Spí Uñieey Mat
It isn’t a good idea to repeatedly ask yourself why you live in an estuary. Upon doing so, upon asking yourself so many times, moreover if you do so before a mirror, it’s very likely that you’ll end up, sooner rather than later, without any answer at all. A gaping mouth. Blank eyes. The sky filled entirely with blue. Why do we live, after all, in any place in particular? It is, without a doubt, the lack of an answer, that particular lack of an answer that occurs when a question has been fruitlessly articulated many times, that provoke phrases like this: “Because in estuaries you can find the coexistence of three types of producers that carry out the process of photosynthesis: macrophytes (algae, seagrasses, and marsh grasses); benthic microphytes (algae and other types of plants connected to the river bed); and phytoplankton (microscopic algae). That’s why I live here, naturally.” And then, opening the little cabin window to look out, once more, upon all this, feels essential. The word is aestuarium. The word that means “under the influence of the tides.”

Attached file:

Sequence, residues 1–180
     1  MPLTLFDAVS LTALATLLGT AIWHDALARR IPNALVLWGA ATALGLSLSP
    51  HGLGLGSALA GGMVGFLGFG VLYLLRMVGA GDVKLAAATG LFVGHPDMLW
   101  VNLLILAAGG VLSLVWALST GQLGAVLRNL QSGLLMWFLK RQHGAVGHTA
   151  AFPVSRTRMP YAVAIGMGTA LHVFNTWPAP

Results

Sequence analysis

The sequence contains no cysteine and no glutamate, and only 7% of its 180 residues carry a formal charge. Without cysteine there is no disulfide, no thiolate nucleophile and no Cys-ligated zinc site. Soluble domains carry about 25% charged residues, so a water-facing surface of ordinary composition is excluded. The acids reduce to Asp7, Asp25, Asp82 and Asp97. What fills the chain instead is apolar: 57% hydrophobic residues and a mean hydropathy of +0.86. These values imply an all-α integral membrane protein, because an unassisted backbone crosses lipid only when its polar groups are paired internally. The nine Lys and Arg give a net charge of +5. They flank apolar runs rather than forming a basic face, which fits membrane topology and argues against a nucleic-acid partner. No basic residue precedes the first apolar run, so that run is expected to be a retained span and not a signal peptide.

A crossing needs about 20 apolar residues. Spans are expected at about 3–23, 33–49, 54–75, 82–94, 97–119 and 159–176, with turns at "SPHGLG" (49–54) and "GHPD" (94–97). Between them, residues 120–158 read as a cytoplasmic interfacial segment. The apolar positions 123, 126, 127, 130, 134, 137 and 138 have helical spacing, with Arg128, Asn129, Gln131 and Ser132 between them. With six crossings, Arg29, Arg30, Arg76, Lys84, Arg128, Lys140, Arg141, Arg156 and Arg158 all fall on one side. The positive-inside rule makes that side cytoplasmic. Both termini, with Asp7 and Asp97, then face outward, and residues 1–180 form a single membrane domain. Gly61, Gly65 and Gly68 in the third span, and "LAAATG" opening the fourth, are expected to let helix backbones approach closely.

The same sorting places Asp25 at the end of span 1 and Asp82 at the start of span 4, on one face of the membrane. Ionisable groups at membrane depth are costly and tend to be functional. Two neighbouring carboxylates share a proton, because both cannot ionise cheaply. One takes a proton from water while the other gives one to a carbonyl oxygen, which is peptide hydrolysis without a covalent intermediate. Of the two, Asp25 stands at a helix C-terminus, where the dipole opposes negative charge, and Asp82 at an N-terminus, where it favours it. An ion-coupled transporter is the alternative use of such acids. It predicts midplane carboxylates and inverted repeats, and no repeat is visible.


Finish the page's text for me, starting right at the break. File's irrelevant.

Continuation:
Look at it. That’s what she has done since coming to live here, in the estuary. Furtively observe it. Look at it without understanding.
I am not a scientist. I didn’t come to the estuary in search of ecological liberation. I wasn’t born around here. I answered, perhaps like others, an ad—written in tiny letters—for an attendant at a small museum on the estuary’s outskirts. To be more precise: on its banks. In the interview, I told them the truth: I didn’t have grand aspirations. But I didn’t tell them the whole truth: I wanted to read. I wanted to have all that time to read. I thought this kind of job, of minimal responsibility and low expectations, would give me the necessary time to read a series of books I had put on an ever-increasing list some years ago. When I signed the contract, I was filled with delight to know that the meager salary and the absolute lack of expectations was supplemented with a place to live. I didn’t think about anything the first time I entered the wooden cabin with the window where I continue to observe the low tides under whose influence I still live. Pleasure tends to be like that.